Wangari Maathai (1 April 1940 – 25 September 2011) grew up in the green highlands of Kenyan. When she returned from studying college in the US she discovered that her lush homeland was being destroyed by deforestation which caused water and food shortages, malnutrition, and disappearing wildlife. She began to educate others to care for the land and re-plant the forests and they called her Mama Miti, “Mother of Trees.” Ms Maathai founded the Green Belt Movement, which empowered woman around Kenya to help take back their land, planting tree by tree.
For her compassion and efforts she was awarded the Nobel Peace Prize in 2004. She was the first African woman and environmentalist to win a Nobel Peace Prize. Here are resources you can use to teach your children about this inspirational, remarkable woman, and her plight to save her country’s landscape. She shows us that one person truly can save the world!
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Begin by reading Wangari Maathai’s biography with your children.
Seeds of Change: Planting a Path To Peace, by Sonia Lynn Sadler is an excellet introduction for kids ages 7-11. Not only does this book tell the journey of Wangari Maathai from Kenya, to the US to study biology, and back to travel throughout Kenya planting trees; it also sends a positive message to girls everywhere about determination, strength, and gender equality. My favorite passages:
“Not many native women become scientists,” they told her. “I will.”
In college, many of Wangari’s science professors were women. From them she learned that a woman could do anything she wanted to, even it it hadn’t been done before.
“We might not change the big world but we can change the landscape of the forest,” she said.
Another biography is Planting the Trees of Kenya: The Story of Wangari Maathai, by Claire A. Nivola. In beautiful watercolors and simple text, this book tells the same story as the previous biography, perhaps for a slightly younger audience. It does not include details about her arrest, but does talk a bit more about her journey around Kenyan educating others about planting trees. Both books are wonderful and can be used in tandem to showcase Wangari Maathai and her incredible work.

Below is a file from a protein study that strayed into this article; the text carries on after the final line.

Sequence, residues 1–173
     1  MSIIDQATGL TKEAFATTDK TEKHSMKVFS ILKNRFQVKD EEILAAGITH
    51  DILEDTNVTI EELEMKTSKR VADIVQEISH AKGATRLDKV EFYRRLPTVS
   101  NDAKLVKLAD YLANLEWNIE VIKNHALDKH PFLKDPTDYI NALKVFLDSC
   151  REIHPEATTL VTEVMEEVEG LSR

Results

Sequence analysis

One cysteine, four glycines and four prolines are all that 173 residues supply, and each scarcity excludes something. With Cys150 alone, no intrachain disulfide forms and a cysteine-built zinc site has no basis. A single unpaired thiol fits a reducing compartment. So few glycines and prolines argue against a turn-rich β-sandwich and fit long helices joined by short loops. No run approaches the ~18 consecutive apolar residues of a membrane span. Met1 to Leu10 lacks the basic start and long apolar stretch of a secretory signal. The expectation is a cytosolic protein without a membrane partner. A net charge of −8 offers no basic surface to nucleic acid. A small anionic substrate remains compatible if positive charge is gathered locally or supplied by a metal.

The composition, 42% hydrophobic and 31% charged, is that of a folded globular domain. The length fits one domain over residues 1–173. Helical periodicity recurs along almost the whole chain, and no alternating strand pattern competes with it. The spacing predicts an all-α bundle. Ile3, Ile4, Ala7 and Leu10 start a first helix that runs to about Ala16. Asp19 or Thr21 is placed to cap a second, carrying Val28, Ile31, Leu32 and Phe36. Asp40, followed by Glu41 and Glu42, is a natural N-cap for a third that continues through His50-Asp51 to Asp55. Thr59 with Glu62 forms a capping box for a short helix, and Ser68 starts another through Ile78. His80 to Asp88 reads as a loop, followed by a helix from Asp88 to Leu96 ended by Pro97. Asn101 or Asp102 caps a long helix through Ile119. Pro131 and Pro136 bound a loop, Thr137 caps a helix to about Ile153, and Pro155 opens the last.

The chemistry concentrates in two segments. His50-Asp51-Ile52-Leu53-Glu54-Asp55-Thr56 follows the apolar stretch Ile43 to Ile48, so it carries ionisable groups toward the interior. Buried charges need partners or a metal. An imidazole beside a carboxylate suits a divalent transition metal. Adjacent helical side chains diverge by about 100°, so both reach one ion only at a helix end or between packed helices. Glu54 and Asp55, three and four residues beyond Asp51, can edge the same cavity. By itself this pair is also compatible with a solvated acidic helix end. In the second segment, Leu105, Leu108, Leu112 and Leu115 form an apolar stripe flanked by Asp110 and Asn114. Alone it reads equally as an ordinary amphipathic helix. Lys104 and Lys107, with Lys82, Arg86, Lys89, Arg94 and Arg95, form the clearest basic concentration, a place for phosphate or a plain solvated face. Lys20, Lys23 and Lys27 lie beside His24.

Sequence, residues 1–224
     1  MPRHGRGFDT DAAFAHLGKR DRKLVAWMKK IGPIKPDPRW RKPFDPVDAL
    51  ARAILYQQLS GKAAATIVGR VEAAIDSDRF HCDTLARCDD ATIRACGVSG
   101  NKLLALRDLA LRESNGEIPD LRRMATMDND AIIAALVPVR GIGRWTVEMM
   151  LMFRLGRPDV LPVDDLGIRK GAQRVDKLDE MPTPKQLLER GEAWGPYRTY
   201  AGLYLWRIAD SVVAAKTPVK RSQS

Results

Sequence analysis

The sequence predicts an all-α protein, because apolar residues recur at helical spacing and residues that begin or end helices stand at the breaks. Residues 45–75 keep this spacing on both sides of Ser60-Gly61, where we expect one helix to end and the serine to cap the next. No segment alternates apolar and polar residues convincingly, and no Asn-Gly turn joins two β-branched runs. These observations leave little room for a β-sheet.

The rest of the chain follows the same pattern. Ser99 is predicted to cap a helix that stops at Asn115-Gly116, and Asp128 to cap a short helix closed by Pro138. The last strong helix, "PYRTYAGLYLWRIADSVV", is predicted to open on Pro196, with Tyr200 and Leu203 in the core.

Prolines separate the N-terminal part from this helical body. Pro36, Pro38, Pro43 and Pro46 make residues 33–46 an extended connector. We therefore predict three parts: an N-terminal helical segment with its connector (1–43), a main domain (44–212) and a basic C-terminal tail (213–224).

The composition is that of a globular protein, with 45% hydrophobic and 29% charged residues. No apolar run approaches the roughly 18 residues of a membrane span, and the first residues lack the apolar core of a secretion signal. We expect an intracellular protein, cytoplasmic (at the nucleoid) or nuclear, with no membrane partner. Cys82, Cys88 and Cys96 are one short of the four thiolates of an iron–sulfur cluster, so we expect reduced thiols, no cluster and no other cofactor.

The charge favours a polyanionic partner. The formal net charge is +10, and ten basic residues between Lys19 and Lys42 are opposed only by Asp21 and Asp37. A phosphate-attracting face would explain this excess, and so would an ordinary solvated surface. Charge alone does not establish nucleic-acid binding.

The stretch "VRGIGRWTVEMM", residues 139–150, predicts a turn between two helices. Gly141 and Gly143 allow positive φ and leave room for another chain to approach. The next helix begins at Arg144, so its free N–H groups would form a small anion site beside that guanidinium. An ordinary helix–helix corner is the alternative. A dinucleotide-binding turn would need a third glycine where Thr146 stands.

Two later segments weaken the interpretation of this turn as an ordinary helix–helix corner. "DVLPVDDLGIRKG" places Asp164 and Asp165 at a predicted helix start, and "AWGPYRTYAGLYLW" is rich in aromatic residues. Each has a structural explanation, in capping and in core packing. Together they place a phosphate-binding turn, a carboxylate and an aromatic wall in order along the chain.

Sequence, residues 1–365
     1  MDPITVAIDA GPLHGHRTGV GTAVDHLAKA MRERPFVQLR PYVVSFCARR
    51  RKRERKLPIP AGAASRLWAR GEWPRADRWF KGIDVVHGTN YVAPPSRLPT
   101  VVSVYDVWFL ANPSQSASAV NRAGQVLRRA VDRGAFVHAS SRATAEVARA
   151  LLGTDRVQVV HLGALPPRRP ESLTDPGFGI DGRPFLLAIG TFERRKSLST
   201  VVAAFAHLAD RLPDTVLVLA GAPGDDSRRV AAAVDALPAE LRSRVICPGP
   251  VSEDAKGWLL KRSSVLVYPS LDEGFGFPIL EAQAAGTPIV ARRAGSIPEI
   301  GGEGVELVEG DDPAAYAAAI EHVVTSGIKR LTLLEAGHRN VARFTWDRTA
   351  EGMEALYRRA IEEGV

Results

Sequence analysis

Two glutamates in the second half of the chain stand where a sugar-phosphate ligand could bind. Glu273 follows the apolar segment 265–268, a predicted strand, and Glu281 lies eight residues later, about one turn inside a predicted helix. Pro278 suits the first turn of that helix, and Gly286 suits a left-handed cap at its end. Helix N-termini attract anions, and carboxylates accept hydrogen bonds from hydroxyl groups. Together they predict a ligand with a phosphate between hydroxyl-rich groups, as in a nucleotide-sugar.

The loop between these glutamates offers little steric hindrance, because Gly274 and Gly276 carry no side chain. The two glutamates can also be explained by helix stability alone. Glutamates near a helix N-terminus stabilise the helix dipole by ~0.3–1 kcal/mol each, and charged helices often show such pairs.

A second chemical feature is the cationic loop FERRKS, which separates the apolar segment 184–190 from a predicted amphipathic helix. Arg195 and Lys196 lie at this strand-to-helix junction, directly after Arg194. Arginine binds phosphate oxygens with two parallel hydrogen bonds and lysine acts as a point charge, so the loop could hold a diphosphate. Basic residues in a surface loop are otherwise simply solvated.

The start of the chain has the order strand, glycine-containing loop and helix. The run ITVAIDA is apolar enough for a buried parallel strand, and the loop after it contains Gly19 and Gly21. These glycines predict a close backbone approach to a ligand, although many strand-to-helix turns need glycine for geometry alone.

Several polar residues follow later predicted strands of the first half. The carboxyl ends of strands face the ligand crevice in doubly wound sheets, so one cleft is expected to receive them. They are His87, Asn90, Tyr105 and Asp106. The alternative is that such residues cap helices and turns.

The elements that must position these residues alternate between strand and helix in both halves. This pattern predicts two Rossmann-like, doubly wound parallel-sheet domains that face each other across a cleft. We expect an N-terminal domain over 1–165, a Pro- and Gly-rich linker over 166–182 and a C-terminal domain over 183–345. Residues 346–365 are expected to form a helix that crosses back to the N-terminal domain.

After reading the stories, talk about cause and effect. Have the students make a chart and fill in the missing causes and effects. Another option is to have them cut apart and then match the causes and effects. Here are some you may include:
|Wangari’s mother and grandmother teach her that her ancestors rest in the trees’ shade||she loves nature and vows to protect the sacred trees|
|Wangari’s brother teachers her what he learns at school; her parents see that she is smart and a hard worker.||they decide to send her to school, though not many girls ever learn to read|
|Wangari was an excellent student; she wanted to become a biologist. Her teachers teach her that a woman can do anything they set their minds to||she travels to the US, and successful becomes a woman scientist|
|The government sells a lot of land to big companies. They cut down forests for timber and clear land for coffee plantations.||the trees are chopped down, erosion carries away the fertile soil, the water in the streams dries up. The land is destroyed and many people go hungry.|
|Wangari travels around Kenya, teaching people to plant trees.||Millions of trees are planted. Birds and animals return to the forests. Wangari’s home is green again.|
|Some businesses get angry that the trees are more important than their business.||They pay a police officer to put her in jail.|
|Wangari realizes that she needs more support, and begins to travel the world to spread her message.||More people listen to her message. She is elected to Kenya’s parliament, and continued to plant trees.|
|The world recognizes her hard work.||Wangari wins the Nobel Peace Prize.|
Talk about Wangari Maathai’s organization, “The Greenbelt Movement.” They have planted over 40 million trees all over Africa. Watch this video as you fly over the tree planting sites and view the saplings in 3D in this tour, narrated by Wangari Maathai.
Talk about how one person was able to change their environment. How can kids get involved to help make their world a better place? Brainstorm ways that we can protect our Earth, use less resources, and reduce our waste. An obvious activity would be to plant a tree- in Wangari’s honor!
For further information, see this video about life and the Greenbelt Movement:
To learn about another, modern-day shero, check out Human Rights Lawyer Christie Edwards! Ms. Edwards has worked globally on international human rights, international humanitarian law, international development policy, and gender issues for over 15 years.